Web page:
Arrogant newspapers, upstarts in t-shirts, and the practice of resilience

If I owned stock in one of GPS companies – like Garmin or Magellan – I’d be crying into my cup holders right now.

Why? Because Google has moved into the neighborhood with a better, cooler sat nav system for cell phones.

Oh, and it’s free.

Notice how this kind of thing seems to happen a lot nowadays?

You’ve been happily owning an industry for decades and then some t-shirt wearing upstart from a garage in Silicon Valley comes along and smashes your market.

The owners of The New York Times know what I mean.

It’s one of the reasons why I left the inky world of newspapers to learn all about online marketing and to set up my own business.

From the inside, even several years ago, it was clear that newspapers would be in trouble.  And so in particular was my job.

I was like a monk with a manuscript.

I’d sit there and spend what seemed like hours tweaking a story to get it to fit just right in the inches of space allocated to it in the newspaper. Sometimes I’d have to switch a six-letter word for a five-letter word to make a story squeeze in.

It was painful. And with the internet, it was unnecessary.

And this, of course, was with news that happened during the day… but wouldn’t be read until the day after.

My skills – I could foresee – were becoming redundant. And soon I would too.

(Indeed, just a couple of months ago the last newspaper I worked on in the UK was cut from daily to weekly, a move that left behind a bloody sea of laid-off editors.)

And if you think you’re immune, you’d better think again. Healthcare, education, banking, insurance, real estate. They’re all on the block.

Now, I don’t mean to scare you. (If you read Wednesday’s email you know that’s not my style.)

I’m just being realistic.

So rapid is the world as we know it disappearing (think 9-11, the economic slump) that anyone with hopes for the future is doing all they can to get future-proofed.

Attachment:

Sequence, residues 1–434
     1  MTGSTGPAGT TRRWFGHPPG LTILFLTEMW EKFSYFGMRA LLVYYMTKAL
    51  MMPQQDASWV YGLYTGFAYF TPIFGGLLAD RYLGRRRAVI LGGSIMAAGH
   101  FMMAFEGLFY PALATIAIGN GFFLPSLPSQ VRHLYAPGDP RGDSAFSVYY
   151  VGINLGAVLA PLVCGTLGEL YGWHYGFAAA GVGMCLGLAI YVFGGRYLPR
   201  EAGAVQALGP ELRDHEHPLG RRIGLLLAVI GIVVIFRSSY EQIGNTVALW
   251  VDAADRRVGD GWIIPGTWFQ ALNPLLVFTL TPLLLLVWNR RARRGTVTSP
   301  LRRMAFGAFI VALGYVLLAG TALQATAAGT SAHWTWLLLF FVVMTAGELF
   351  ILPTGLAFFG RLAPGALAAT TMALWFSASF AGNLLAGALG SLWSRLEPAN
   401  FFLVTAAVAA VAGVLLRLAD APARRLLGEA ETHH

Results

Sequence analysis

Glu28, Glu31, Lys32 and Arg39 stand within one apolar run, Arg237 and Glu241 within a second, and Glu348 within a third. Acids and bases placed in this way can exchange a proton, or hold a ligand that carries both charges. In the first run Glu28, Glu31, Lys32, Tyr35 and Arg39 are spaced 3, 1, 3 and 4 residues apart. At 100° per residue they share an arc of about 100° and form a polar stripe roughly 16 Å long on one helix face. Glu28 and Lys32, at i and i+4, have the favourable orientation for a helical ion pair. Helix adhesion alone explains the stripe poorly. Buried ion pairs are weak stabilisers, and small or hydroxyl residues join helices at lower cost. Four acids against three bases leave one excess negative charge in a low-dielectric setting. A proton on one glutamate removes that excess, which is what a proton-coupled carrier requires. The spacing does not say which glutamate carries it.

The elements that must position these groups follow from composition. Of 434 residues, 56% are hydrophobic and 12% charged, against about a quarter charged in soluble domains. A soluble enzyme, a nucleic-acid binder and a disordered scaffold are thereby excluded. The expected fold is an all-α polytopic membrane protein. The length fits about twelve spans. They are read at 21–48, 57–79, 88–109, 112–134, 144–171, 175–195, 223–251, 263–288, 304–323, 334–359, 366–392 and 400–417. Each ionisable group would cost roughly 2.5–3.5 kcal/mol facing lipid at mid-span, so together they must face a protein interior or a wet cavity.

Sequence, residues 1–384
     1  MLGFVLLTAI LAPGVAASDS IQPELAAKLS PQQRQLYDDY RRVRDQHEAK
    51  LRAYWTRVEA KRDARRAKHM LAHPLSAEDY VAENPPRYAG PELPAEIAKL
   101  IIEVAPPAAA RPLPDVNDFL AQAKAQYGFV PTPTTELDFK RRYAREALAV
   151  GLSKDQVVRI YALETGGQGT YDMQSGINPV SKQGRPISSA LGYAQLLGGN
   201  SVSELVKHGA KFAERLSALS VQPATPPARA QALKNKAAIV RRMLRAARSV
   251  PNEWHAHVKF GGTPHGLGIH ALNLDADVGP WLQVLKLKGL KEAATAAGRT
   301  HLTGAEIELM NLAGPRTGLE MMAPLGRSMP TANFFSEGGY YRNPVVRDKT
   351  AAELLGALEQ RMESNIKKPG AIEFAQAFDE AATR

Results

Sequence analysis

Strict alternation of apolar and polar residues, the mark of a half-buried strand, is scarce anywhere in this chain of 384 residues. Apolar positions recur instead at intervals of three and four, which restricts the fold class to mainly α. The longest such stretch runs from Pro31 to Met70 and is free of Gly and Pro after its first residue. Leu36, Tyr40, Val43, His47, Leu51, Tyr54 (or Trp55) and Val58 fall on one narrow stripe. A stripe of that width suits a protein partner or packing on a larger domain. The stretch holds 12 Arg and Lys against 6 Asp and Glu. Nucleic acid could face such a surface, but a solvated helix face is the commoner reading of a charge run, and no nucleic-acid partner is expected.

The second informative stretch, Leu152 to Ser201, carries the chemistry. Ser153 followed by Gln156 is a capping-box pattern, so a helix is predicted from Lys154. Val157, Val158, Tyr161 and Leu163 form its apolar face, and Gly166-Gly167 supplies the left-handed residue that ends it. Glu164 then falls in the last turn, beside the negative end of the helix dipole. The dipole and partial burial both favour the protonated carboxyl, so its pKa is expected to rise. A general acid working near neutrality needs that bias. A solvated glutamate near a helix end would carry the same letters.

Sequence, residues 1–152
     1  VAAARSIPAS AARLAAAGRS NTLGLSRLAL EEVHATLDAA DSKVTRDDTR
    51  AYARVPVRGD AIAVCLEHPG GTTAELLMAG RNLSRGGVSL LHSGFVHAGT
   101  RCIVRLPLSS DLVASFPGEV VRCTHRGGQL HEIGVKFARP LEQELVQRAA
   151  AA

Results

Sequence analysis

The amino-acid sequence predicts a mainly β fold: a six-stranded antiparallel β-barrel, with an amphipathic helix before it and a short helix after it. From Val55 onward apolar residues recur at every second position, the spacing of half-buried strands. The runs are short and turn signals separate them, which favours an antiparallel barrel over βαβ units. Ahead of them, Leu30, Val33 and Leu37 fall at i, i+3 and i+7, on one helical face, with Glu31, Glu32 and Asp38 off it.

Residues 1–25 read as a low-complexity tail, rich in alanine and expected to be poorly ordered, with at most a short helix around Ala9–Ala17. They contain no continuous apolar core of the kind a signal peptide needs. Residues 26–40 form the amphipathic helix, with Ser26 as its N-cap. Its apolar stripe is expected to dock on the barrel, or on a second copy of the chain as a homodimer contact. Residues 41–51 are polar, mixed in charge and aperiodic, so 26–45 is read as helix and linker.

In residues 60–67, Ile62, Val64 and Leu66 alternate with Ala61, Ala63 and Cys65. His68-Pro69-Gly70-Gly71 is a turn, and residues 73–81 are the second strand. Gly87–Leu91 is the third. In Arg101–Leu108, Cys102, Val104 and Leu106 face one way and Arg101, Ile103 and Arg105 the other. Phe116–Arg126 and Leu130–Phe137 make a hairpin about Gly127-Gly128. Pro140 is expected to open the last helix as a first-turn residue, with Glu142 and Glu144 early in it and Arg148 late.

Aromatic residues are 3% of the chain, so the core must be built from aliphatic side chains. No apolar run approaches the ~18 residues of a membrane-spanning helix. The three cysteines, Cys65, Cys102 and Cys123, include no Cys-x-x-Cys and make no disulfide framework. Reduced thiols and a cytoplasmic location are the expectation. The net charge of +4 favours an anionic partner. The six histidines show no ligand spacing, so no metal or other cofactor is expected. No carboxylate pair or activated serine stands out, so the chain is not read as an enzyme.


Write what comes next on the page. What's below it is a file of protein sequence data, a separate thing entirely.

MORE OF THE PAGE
So how am I getting future-proofed? By building resilience into my business – and into my character.

And so should you.

First, get used to the fact that change is the new norm. And in this environment, the worst thing you can do is be shocked by change…and yet still do nothing.

You’ll end up like a rabbit frozen by the glimpse of a fox. And that doesn’t end well.

The newspapers – I could see – were so used to having things their own way that they were deliberately and arrogantly dumb to what was happening. So they did nothing – and the world moved on.

So being resilient means expecting change and being ready to bend with that change.

So how do newsletters fit in with all this?

Two ways.

First, they open up communication.

It’s awfully quiet if you live in a bubble. And then one day the oxygen runs out.

If you use a newsletter, you will get feedback from your clients. You find out what they need, what they want, and what they are thinking.

It’s like getting live intelligence from the market.

The key, of course, is to act on that intelligence.

Second, you’re building your personal brand – you are nurturing a relationship with your clients and prospects.

And when the world changes, that relationship is still there – because a relationship is 100x more powerful than just a transaction.

Your newsletter is like an insurance policy against rapid change.